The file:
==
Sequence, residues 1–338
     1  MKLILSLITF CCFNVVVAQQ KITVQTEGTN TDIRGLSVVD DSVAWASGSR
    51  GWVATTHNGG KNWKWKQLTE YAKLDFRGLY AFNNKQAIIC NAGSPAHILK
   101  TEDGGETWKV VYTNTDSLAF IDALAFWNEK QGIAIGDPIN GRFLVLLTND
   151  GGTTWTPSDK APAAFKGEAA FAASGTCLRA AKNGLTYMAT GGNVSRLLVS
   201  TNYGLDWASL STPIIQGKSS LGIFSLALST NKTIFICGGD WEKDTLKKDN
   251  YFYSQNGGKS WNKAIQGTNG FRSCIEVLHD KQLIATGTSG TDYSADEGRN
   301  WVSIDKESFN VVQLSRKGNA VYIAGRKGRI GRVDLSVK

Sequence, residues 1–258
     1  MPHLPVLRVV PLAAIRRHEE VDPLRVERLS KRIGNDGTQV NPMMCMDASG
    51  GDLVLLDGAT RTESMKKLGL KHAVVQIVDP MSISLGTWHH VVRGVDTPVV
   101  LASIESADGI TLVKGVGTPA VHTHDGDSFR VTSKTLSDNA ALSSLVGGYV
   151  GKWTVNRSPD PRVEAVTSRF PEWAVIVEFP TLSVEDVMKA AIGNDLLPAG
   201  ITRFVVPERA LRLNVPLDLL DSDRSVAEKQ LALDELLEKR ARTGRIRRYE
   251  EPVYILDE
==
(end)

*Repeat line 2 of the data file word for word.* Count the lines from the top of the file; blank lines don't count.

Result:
     1  MKLILSLITF CCFNVVVAQQ KITVQTEGTN TDIRGLSVVD DSVAWASGSR